Asset Retirement Obligations
An asset retirement obligation (ARO) is an obligation associated with the retirement of a tangible, long-lived asset. In the oil and gas industry, AROs include the legal obligation to decommission platforms, pipelines and other facilities and permanently plug all wells. For example, U.S. Outer Continental Shelf decommissioning regulations are set forth at 30 CFR Part 250, Subpart Q. Department of Energy and Climate Change (DECC) Guidance summarizes United Kingdom Continental Shelf (UKCS) decommissioning regulations. BP’s Decommissioning Programme for the North Sea Miller Platform exemplifies the extensive scope of work required to meet decommissioning requirements.
Actual cost data in the oil and gas industry are proprietary and obtaining them is challenging. Decommissioning cost estimates for offshore facilities, both individually and in aggregate, are available from government and academic sources. See, for example, Oil & Gas UK Decommissioning Insights and U.S. Department of Interior Decommissioning Cost Update for Removing Pacific OCS Region. However, these estimates, which are derived from work decomposition algorithms performed using engineering time and cost estimates, do not fully account for the “fat tails” in the cost distributions. Offshore decommissioning costs, in particular, are subject to significant estimation uncertainty, as illustrated by Apache’s per well decommissioning cost analysis.
Limitations on actual and estimated cost data have led analysts such as ourselves and others to focus on financial accounting data reported by public corporations to securities regulators. Our Scenario-Based Environmental Debt Pricing Model and related analyses rely on audited financial data reported to the U.S. Securities Exchange Commission by U.S. GAAP registrants pursuant to Paragraph 22.c of Statement of Financial Accounting Standards No. 143 , Accounting for Asset Retirement Obligations. Using this data, we are able to assess the accuracy of reported ARO estimates, back-calculate discount rates, forecast future ARO expenditures, and calculate adjusted discounted and undiscounted ARO estimates.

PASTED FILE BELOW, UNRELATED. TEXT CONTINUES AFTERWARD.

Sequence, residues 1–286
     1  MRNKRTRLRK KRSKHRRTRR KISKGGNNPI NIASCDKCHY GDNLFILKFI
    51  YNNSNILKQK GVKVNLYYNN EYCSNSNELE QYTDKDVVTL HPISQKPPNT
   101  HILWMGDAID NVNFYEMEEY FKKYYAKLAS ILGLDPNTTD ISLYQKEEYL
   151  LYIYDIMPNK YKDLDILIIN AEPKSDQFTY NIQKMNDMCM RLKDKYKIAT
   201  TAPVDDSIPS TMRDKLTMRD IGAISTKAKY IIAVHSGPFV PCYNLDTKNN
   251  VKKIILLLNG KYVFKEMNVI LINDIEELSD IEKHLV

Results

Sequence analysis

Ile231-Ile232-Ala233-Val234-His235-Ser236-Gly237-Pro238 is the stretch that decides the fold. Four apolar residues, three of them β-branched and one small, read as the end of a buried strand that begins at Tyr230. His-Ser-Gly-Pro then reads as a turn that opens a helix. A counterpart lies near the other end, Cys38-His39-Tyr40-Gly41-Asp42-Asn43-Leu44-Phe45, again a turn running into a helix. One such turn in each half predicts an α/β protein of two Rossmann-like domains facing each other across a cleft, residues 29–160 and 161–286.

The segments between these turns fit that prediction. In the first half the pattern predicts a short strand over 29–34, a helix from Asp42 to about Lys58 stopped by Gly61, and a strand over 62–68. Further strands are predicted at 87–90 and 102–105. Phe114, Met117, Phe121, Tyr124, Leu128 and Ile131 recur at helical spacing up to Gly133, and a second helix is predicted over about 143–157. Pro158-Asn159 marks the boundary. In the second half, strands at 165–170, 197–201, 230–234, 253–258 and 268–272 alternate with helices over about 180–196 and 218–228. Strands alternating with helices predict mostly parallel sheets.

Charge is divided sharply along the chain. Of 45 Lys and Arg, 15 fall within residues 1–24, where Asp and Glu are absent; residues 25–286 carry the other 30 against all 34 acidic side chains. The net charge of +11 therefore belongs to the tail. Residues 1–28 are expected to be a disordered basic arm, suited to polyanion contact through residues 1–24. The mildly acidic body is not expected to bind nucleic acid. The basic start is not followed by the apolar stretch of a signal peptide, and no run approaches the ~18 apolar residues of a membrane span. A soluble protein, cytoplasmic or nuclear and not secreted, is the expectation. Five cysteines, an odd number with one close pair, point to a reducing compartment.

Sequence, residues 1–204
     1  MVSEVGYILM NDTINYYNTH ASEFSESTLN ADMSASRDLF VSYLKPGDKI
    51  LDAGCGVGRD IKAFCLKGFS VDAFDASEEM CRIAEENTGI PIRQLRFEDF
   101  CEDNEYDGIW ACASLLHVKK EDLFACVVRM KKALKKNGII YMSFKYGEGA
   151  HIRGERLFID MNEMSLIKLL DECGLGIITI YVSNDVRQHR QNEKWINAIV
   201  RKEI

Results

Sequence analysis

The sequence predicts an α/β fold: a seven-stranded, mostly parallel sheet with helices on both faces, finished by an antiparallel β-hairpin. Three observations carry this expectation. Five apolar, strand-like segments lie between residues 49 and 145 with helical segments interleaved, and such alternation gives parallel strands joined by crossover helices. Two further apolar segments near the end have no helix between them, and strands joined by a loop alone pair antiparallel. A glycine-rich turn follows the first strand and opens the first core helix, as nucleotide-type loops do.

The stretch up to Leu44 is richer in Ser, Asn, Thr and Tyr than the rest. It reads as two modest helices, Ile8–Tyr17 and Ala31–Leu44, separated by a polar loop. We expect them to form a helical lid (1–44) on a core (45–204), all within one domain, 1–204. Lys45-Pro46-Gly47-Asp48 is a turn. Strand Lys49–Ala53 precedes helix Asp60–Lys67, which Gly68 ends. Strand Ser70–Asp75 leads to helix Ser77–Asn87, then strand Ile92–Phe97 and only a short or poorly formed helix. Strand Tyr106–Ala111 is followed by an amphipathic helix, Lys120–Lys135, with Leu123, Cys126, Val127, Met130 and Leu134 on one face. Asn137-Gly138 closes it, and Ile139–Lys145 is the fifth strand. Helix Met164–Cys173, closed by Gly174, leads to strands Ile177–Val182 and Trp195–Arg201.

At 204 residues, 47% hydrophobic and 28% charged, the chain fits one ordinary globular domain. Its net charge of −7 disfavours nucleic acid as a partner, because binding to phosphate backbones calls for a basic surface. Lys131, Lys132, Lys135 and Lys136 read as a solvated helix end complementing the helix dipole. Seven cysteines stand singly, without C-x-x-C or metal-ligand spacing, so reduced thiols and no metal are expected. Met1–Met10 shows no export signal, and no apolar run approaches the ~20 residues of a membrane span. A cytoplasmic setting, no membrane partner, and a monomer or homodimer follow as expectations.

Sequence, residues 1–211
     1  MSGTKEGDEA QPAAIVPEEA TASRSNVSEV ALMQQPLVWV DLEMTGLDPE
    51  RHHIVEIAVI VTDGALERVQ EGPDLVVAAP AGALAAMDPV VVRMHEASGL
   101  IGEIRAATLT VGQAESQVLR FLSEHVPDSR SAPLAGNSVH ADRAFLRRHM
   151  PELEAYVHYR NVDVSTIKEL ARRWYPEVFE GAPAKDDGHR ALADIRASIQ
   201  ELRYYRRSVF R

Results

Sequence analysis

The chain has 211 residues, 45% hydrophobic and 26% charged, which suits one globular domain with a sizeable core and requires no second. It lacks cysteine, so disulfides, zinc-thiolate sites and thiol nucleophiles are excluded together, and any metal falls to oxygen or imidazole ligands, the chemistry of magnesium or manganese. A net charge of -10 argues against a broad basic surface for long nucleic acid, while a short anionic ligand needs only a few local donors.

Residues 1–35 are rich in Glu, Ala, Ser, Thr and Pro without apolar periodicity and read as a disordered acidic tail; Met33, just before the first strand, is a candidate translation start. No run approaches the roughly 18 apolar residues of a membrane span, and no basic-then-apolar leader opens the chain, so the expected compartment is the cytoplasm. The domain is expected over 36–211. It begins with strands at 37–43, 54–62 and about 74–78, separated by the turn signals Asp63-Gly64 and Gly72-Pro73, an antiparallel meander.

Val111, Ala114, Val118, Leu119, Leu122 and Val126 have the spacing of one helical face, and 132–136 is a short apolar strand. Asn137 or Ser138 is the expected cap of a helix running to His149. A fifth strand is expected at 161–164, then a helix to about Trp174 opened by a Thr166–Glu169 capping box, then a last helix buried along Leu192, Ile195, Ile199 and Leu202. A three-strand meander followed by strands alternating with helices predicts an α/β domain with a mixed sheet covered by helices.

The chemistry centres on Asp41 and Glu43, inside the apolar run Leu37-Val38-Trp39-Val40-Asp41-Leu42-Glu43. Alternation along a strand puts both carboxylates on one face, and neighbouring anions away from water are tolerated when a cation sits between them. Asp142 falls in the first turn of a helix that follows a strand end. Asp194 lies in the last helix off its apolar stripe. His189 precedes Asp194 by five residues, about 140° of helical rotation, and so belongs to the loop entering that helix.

What happens in the event of wide scale default on these environmental debts? Oil and gas corporate revenues are falling, stranded assets are rising, environmental debts are largely unsecured, and governments are over committed.
Large companies such as Exxon are able to “self-bond”. As a result, oil and gas decommissioning obligations are not 100% secured. For example, last year the U.S. Government Accountability Office reported that only $2.9 billion in bonds were in place to secure an estimated $38.2 billion in decommissioning liabilities in the Gulf of Mexico. The rest was self-bonded. The problem of insufficient collateral to meet environmental debt obligations is much worse if the $38.2B government estimate far understates the magnitude of the actual obligation.
In October 2015 Exxon announced that it may be forced to recognize that as much as 4.6 billion barrels of its reserves are no longer profitable to produce. The disclosure came as the oil producer reported a 38% decline in quarterly profit. The announcement adds to concerns that ARO payments are on track to surpass net income in the next 10 to 20 years. If corporates cannot pay, the debt reverts to corporate shareholders and creditors. See Accounting for Environmental Liabilities in Bankruptcy, American Bankruptcy Institute (July 2016).
If AROs cannot be funded out of the bankruptcy estate, the debt reverts to governments, which reduces funds available for public investment in climate-related programs. If governments cannot pay to properly plug, abandon and monitor oil and gas wells, fugitive CO2 and CH4 emissions from onshore and offshore systems will continue to contribute to global warming. See Inventory of U.S. Greenhouse Gas Emissions and Sinks: 1990 – 2014, reporting that natural gas systems were the largest anthropogenic source category of CH4 emissions in the United States in 2014 with 176.1 MMT CO2 Eq. of CH4 emitted into the atmosphere. Petroleum systems are the fourth anthropogenic source of CH4 emissions in the United States (68.1 MMT CO2 Eq.), accounting for 9.3 percent of total CH4 emissions in 2014. These analyses of producing natural gas systems do not include analysis of “orphan wells,” but studies by researchers at Cornell, Princeton, Stanford and Durham (UK) have documented the impact of these orphan wells in certain regions of the United States, the UK and other areas